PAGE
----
Fuzzing, or fuzz testing, isn't actually a new technique. It was developed back in 1989 at the University of Wisconsin-Madison...
By submitting your email address, you agree to receive emails regarding relevant topic offers from TechTarget and its partners. You can withdraw your consent at any time. Contact TechTarget at 275 Grove Street, Newton, MA.
by Professor Barton Miller. With today's focus on developing more secure software, fuzzing has become a more widely used and acknowledged code-testing method.
During the fuzzing process, a program is bombarded with random data, called fuzz. If the program fails to cope with any of this data and begins to crash, lock up, consume memory or produce uncontrolled errors, the developer knows that there is a flaw somewhere within the code. The flaw can then be located and rectified before the program is released or deployed, thus keeping a possible vulnerability out of the final release version. Fuzzing has been frequently used to uncover buffer overflows, which occur when the number of input characters exceeds the available buffer space.
Software programs have several input possibilities, like mice, keyboards and screen devices. Other inputs include calls from other programs or controllers embedded in the actual system. Fuzzing effectively finds bugs because the data entered into a program is random and therefore not constrained by any preconceptions about how the software should behave. When people test software themselves, they may make assumptions about how the software will be used, causing certain input permutations to be overlooked.
A thorough fuzz test uses a combination of valid test data and random fuzz data. The valid data prevents an application from rejecting the information before it can reach a defective piece of code.
You must be aware, though, that passing a fuzz test doesn't make a program bug-free. Fuzzing only allows the simulation of a random, limited sample of a program's behavior. The tests may only show that the software can handle exceptions without crashing. Also, fuzzing doesn't test for logical flaws that can be exploited.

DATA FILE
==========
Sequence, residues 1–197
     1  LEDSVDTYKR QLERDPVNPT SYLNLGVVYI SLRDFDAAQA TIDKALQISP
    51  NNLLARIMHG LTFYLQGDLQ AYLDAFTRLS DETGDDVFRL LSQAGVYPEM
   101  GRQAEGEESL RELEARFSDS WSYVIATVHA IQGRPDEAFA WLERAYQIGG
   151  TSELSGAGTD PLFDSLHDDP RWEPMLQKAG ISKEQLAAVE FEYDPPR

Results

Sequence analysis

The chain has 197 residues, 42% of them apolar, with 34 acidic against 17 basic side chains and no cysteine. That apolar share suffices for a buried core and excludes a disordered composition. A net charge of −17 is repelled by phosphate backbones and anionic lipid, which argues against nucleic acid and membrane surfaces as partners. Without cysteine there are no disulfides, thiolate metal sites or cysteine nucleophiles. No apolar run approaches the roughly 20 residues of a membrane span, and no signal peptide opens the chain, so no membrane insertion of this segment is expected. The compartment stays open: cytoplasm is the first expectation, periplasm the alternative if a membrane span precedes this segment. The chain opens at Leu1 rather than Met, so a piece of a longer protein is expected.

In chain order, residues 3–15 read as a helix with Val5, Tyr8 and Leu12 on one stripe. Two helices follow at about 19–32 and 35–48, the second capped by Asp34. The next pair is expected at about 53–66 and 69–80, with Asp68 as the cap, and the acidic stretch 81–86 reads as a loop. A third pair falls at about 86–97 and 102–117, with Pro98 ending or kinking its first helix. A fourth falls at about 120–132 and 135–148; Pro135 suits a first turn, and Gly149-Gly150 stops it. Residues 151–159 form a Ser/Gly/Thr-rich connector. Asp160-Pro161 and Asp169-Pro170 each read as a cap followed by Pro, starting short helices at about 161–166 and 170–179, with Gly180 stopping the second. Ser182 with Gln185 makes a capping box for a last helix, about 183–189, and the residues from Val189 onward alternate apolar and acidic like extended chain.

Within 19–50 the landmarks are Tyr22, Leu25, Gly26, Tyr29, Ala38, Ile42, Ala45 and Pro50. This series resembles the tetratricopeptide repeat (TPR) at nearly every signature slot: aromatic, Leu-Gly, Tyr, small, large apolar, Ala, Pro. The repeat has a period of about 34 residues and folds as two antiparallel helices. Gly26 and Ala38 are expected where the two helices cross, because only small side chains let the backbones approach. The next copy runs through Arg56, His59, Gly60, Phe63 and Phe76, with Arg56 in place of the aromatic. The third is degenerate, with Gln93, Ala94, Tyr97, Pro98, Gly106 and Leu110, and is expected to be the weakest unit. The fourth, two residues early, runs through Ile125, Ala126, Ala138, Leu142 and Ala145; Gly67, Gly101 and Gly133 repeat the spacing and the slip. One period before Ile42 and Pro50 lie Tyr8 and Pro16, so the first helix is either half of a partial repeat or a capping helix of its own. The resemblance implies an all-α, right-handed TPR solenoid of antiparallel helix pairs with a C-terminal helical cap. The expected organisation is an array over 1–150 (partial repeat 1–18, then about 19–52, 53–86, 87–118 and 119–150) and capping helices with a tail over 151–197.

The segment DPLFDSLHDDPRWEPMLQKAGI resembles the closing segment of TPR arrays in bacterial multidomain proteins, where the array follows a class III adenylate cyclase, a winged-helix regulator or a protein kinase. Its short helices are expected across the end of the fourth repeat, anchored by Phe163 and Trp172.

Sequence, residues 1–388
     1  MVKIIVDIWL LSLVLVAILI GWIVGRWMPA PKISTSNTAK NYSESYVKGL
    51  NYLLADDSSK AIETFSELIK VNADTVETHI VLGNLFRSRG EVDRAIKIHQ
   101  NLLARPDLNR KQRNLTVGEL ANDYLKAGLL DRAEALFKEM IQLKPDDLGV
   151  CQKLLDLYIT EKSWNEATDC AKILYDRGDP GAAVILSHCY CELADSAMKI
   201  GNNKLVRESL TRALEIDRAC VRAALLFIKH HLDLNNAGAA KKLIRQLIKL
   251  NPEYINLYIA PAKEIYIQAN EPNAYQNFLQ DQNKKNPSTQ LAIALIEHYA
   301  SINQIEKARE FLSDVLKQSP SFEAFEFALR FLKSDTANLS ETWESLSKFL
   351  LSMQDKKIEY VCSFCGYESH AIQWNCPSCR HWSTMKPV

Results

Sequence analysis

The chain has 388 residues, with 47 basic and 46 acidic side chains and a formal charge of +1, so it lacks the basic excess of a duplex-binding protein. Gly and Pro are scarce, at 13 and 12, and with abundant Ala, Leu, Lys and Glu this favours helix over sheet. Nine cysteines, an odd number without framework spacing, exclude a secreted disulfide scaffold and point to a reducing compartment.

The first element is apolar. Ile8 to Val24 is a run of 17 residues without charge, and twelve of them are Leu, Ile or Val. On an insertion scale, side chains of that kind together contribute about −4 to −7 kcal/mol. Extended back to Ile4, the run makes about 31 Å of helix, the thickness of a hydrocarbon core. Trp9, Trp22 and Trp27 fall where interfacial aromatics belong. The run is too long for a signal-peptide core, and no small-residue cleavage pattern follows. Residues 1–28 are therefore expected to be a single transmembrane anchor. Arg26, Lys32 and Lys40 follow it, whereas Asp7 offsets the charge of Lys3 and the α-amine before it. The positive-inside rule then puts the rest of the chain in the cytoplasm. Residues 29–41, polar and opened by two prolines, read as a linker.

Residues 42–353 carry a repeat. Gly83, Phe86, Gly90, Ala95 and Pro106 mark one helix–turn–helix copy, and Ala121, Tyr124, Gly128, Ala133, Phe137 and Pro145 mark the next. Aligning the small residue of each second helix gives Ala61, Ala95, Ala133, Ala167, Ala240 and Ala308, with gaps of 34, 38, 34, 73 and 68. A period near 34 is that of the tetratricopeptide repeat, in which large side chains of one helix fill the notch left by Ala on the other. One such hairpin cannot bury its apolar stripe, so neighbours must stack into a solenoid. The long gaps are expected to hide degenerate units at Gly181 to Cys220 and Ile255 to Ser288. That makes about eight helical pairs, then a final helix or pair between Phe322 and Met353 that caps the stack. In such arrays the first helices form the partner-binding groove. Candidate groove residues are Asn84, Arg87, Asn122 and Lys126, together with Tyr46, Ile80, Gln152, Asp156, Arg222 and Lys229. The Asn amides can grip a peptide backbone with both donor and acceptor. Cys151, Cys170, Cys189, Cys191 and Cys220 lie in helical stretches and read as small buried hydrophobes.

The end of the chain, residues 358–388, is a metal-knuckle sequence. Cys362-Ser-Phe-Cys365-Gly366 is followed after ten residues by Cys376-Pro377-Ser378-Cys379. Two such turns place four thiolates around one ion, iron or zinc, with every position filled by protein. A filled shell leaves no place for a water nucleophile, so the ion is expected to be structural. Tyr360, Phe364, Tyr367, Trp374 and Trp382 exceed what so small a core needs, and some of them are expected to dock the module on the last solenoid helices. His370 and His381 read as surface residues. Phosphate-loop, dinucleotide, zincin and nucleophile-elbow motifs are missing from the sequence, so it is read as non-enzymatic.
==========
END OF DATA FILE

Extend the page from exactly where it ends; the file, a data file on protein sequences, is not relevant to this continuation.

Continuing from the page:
A big advantage of fuzz testing is its cost effectiveness; the testing is usually automated and easy to set up. It is a useful testing method, but it should be used as one of several software-testing methods. Static analysis, peer review and secure coding methodologies should all be a part of any secure software development process.
Dig Deeper on Vulnerability Risk Assessment
Related Q&A from Michael Cobb
Amazon disabled native encryption capabilities in the latest Fire OS version. Expert Michael Cobb explains what this means for security, and if ...continue reading
A pirated app called Happy Daily English beat Apple's App Store security review. Expert Michael Cobb explains how it works and what security teams ...continue reading
The Lenovo SHAREit file-sharing app has a hardcoded password vulnerability, among other issues. Expert Michael Cobb explains these flaws and how to ...continue reading
Have a question for an expert?
Please add a title for your question
Get answers from a TechTarget expert on whatever's puzzling you.